Mr. McAllister's "smokery"
This year’s archaeological excavations at Fort Hunter Mansion and Park yielded some fascinating and unusual discoveries. The archaeology continues around the foundation of Archibald McAllister’s octagon-shaped building known as the “smokery” (Cooper 1790). Attached on the north end of this building, we have identified a rectangular-shaped foundation that, according to documents, likely housed a wood stove to generate the smoke through a tube to the octagon smoke house.
Porch trench excavation (photo by Don Giles)
In the yard east of the mansion unanticipated discoveries were made. This area is identified as the porch trench is actually an expansion of last year’s trench. There, a compressed B-horizon soil 4500 to 700 years old (Late Archaic to Late Woodland periods) was encountered containing artifacts. Overlying these intact cultural deposits are soils containing 19th century and early 20th century artifacts, though some dated earlier, to the 18th century “fort occupation”.
B horizon artifacts: Archaic projectile points and Woodland ceramics
The mansion’s high terrace setting must have been a desirable camping location for early Indians passing through the Susquehanna valley as is demonstrated by the many fire altered cobble features that we have encountered. Over the years, these features have been found at different locations around the mansion complex and they are always associated with the B-horizon soils underlying the site’s much altered land surface. Other features of this type must have existed in the upper-most soil horizons but were destroyed by the first plowings when the land was cleared and cultivated for domestic use.
This year two prehistoric cobble hearth features were excavated. The first one, though partially destroyed by a water main to the mansion, contained fire cracked and reddened rocks that may have been heated in place since traces of charcoal and soot staining was observed around and beneath some of the cobbles. A second though completely intact cobble feature was found at the south end of the trench. Charcoal was also present though widely scattered and difficult to recover. The porch trench also revealed large, round to square shaped postmolds paralleling the mansion’s central section suggest that both of these prehistoric features were hidden in historic times by a roofed porch supported by three or more vertically emplaced posts.
Fire cracked rock feature
Amongst the fire cracked cobble features and elsewhere within the site’s B-horizon, staff archaeologists recovered flaked stone tools, along with stemmed and notched projectile points mostly representative of the Late Archaic, Transitional and Woodland periods. Early Woodland interior/exterior cord-marked and Middle Woodland exterior cord-marked interior plain pot sherds and several Late Woodland (Shenks Ferry Incised) sherds were also present in this soil stratum indicating a long period of site use with little soil deposition over time.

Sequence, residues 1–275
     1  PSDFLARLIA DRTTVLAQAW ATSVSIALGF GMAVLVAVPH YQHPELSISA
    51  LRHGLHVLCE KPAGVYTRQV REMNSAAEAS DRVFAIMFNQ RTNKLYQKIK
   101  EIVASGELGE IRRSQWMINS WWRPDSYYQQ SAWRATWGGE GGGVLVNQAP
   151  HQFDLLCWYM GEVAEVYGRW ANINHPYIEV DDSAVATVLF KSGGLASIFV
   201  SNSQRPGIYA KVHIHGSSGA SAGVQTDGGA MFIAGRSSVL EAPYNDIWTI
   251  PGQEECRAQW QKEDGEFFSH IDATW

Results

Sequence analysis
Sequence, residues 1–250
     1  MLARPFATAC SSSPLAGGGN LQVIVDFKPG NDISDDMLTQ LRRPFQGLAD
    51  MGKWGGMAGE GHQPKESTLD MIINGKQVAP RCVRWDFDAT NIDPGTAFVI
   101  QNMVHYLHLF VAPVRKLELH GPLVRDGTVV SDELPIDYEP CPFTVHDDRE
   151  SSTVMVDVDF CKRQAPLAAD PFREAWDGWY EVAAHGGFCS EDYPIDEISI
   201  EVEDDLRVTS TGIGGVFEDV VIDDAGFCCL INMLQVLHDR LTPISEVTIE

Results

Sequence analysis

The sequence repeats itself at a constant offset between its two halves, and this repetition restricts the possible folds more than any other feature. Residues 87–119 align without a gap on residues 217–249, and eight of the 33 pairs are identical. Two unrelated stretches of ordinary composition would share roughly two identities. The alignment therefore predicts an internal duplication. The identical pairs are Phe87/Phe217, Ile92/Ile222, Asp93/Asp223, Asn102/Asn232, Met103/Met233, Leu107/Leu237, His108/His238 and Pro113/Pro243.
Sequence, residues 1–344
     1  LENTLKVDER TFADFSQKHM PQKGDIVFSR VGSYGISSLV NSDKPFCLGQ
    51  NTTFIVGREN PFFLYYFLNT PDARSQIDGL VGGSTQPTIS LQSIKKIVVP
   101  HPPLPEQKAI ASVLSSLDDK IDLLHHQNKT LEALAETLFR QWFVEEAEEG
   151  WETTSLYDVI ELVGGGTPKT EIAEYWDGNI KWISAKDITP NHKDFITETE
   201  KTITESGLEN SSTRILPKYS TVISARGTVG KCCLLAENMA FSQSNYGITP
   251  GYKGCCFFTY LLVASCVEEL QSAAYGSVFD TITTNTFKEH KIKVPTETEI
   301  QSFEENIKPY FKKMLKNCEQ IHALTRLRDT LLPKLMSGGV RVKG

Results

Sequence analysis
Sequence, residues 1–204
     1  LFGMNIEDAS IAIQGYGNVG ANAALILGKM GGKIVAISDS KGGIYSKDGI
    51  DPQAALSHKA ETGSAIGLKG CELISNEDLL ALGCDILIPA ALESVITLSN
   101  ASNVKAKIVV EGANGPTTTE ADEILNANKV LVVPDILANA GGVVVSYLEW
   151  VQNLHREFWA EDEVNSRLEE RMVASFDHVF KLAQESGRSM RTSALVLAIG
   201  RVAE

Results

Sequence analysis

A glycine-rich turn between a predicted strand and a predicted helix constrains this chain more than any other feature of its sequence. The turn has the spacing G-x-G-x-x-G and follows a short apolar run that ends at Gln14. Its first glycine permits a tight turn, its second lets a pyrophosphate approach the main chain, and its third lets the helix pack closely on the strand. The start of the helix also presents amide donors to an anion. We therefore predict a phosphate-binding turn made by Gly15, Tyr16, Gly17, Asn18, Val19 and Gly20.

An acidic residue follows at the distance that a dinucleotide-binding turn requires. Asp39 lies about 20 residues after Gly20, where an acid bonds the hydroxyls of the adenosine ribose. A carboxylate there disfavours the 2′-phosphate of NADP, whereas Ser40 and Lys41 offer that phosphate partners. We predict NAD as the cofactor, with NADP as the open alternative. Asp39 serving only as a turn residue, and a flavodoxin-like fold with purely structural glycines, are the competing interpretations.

18th Century glass and ceramic artifacts - North yard trench
18th Century metal artifacts - North yard trench
In late September, PHMC staff and volunteers opened a five by fifteen foot trench in the yard north of the mansion where previous test trenching in 2008 revealed evidence of a sealed mid-18th century period occupation located 2 feet below a series of recent fill deposits. The efforts were, indeed, rewarding for within the trench was found a fire reddened ashy and charcoal stained deposit of paved cobbled with a midden composed of the butchered bones of beef, pig and an assortment of other mammals comingled with a few fish bones, broken window and bottle glass, iron nails and glazed ceramics clearly linked to on-site architectural/subsistence related activities. The presence of these objects strongly suggest that we are in the general area of a large domestic mid-18th century occupation, perhaps the very one linked to Samuel Hunter’s blockhouse mentioned in Clarence Busch’s Frontier Fort of Pennsylvania (1896).
Pig and beef teeth - North yard trench
Butchered bone refuse - 18th Century, North yard trench
Next year presents yet another opportunity for us to experience the fascination and discovery of the archaeology at Fort Hunter – and the mystery continues. . . . . . .